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Ospreys are an indicator species. The health of their population has implications for the health our coastal ecosystems.
New Jersey Endangered and Threatened Species Field Guide
Species Group: Fish
State: Special Concern
This small (3 ¼ inch) fish is light-colored yellowish-gray with 6 black bars on each of its sides. The first bar runs through the eye and the sixth is at the base of the tail and may be fainter than the others.
It has a deeply compressed body and small mouth. The first two or three membranes of the dorsal fin are black and the middle spines are longest. The tail is rounded and the pelvic fin is pink to red in the front followed by black.
DISTRIBUTION AND HABITAT
There are several disjunct populations of this species along the eastern seaboard of the United States from northern Florida in the south to southern New Jersey in the north. Within New Jersey, it is limited to the Pinelands region in the southern portion of the state. The New Jersey population is completely isolated from other populations of this species.
This species can be found in quiet, heavily-vegetated lakes, ponds, and small pools as well as small to medium rivers. It tends to occur in darkly stained, slightly to very acidic waters with sand or mud bottoms.
The blackbanded sunfish is an invertivore, primarily consuming small aquatic insects and crustaceans.
Spawning occurs between May and June. Eggs are laid in nests which are excavated by males either in the substrate or in weed beds. This species may live up to 4 years.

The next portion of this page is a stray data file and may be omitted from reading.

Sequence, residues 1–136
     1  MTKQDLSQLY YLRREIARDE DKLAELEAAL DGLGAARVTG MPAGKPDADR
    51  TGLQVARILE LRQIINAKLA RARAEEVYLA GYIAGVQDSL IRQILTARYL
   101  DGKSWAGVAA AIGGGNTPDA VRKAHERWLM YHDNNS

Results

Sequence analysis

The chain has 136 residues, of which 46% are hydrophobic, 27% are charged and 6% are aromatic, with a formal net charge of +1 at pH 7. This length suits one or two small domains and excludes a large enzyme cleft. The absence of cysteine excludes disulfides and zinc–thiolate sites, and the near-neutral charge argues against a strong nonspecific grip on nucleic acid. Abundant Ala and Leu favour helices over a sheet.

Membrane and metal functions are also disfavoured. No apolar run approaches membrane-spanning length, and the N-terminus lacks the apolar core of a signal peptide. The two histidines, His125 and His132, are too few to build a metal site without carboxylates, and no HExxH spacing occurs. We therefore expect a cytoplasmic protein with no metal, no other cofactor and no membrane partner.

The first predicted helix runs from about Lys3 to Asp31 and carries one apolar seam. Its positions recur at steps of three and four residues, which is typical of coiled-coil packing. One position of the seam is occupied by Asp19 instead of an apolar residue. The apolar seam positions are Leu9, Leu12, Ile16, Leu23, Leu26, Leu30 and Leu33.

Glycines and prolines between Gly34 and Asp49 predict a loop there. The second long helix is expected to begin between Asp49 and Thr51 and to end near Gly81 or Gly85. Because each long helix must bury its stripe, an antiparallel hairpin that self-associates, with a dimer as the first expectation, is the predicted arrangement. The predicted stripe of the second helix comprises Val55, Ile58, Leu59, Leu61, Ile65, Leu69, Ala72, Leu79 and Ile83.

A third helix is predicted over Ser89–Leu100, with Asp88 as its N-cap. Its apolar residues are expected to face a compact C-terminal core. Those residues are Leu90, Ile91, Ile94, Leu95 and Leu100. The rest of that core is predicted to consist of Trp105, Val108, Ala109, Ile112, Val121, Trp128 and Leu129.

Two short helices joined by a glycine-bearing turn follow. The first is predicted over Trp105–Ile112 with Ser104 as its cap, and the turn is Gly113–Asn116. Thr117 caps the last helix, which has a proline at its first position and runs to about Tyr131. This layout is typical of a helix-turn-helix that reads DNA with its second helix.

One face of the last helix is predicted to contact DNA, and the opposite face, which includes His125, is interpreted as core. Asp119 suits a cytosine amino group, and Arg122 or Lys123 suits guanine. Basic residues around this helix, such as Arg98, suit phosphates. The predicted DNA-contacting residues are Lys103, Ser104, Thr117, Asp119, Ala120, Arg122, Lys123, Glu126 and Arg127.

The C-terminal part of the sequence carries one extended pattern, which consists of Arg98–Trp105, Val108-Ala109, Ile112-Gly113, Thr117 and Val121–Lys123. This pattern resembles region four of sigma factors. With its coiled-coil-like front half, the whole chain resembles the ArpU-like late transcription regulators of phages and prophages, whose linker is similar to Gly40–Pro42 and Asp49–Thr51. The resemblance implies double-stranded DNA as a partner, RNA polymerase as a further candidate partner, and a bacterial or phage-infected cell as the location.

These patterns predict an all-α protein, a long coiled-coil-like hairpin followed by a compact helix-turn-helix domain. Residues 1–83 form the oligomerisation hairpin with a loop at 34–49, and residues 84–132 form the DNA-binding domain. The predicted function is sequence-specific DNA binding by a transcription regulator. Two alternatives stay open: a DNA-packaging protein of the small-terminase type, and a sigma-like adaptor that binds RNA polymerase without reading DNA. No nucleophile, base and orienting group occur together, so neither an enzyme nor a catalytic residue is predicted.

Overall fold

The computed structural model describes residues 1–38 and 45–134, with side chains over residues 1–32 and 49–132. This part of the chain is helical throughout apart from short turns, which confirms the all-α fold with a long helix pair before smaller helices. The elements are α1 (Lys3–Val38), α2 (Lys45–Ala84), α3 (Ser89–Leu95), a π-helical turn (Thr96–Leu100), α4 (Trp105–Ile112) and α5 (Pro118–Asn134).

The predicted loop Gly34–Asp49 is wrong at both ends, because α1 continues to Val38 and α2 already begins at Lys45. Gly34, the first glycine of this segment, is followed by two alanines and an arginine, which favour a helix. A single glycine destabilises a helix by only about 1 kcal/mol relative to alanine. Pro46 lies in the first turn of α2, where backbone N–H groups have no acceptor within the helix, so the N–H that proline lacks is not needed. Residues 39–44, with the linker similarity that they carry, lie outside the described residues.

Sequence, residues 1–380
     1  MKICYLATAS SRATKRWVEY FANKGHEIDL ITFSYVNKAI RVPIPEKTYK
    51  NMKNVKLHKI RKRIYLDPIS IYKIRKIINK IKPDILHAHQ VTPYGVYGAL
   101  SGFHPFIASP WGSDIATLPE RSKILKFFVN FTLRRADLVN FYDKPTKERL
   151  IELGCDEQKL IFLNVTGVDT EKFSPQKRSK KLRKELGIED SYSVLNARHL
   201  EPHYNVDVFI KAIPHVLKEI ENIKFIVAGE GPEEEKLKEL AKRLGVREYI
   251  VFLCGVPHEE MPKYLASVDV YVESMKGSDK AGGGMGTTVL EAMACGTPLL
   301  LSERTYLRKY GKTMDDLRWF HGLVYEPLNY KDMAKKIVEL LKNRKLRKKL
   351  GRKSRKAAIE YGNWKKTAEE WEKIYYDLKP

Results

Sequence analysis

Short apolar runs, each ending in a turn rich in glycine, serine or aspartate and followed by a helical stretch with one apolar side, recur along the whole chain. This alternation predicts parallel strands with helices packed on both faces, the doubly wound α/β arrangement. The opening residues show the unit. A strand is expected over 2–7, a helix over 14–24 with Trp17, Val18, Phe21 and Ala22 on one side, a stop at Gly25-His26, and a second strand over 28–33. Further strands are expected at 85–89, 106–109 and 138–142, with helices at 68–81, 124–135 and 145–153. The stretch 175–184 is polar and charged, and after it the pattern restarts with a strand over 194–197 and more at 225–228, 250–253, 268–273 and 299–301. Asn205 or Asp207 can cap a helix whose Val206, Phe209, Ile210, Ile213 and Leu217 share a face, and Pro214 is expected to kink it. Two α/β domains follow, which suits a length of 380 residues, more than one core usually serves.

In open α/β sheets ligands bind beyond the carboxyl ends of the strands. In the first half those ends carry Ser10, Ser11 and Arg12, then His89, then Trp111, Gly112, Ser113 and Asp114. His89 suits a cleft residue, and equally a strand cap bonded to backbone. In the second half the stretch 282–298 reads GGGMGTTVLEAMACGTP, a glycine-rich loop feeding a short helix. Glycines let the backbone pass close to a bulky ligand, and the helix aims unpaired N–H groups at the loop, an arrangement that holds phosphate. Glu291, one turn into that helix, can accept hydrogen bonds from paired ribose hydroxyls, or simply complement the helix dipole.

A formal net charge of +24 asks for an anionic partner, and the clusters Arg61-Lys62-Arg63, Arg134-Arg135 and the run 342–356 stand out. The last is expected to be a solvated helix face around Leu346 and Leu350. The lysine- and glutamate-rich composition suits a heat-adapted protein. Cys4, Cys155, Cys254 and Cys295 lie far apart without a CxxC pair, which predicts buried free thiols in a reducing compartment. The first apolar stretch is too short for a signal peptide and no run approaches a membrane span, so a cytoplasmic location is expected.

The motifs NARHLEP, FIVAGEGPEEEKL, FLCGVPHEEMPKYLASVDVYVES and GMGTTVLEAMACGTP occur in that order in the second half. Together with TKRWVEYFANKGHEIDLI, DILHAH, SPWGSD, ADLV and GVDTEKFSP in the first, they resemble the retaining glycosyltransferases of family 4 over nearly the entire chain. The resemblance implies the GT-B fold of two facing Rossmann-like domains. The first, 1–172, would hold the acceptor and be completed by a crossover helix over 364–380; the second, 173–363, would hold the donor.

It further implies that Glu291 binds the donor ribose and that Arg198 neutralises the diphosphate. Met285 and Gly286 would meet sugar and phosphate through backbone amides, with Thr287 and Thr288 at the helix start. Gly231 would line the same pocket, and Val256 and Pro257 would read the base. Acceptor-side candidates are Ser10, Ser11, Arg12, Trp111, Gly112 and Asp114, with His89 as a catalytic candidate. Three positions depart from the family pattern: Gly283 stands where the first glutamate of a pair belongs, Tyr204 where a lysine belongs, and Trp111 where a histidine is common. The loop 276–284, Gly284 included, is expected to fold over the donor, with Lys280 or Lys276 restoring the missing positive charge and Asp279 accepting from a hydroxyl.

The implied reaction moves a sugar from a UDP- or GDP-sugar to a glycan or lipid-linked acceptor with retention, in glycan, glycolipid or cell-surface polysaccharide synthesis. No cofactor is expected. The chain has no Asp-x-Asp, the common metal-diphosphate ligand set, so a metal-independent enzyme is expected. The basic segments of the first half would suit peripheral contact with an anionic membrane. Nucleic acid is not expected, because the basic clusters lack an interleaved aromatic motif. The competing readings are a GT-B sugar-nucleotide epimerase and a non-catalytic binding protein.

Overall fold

CURRENT STATUS, THREATS, AND CONSERVATION
This species has experienced significant reduction in the size of its range within New Jersey and its population has declined in the state. This may be due to several factors including land use and habitat changes as well as the introduction of non-native fish (such as largemouth bass) which out-compete and prey on blackbanded sunfish.
It is likely extirpated in Pennsylvania, listed as Endangered in Maryland and Virginia, and proposed to be listed as Endangered in Delaware. In 2016, the New Jersey Endangered and Nongame Advisory Committee recommended a Special Concern status for this species, but no formal rule proposal has been filed to date.
Text written by Michael J. Davenport in 2016.
- Arndt, Rudolf G. 2004. “Annotated Checklist and Distribution of New Jersey Freshwater Fishes, With Comments on Abundance.” The Bulletin: New Jersey Academy of Scince. Vol. 49, No. 1.
- Page, Lawrence M. and B.M. Burr. 2011. Peterson Field Guide to Freshwater Fishes of North America North of Mexico.
Species: E. chaetodon
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